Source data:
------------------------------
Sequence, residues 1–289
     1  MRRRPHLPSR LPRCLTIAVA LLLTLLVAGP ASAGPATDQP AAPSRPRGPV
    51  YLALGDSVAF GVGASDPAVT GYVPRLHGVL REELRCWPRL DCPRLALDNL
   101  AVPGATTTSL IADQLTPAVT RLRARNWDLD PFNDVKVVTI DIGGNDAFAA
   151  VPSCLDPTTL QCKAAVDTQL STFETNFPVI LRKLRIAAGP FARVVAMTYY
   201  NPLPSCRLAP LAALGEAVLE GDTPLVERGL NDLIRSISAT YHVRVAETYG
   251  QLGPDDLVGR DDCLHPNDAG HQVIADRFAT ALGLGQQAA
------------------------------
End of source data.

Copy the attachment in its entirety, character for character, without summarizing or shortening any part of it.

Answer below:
Sequence, residues 1–289
     1  MRRRPHLPSR LPRCLTIAVA LLLTLLVAGP ASAGPATDQP AAPSRPRGPV
    51  YLALGDSVAF GVGASDPAVT GYVPRLHGVL REELRCWPRL DCPRLALDNL
   101  AVPGATTTSL IADQLTPAVT RLRARNWDLD PFNDVKVVTI DIGGNDAFAA
   151  VPSCLDPTTL QCKAAVDTQL STFETNFPVI LRKLRIAAGP FARVVAMTYY
   201  NPLPSCRLAP LAALGEAVLE GDTPLVERGL NDLIRSISAT YHVRVAETYG
   251  QLGPDDLVGR DDCLHPNDAG HQVIADRFAT ALGLGQQAA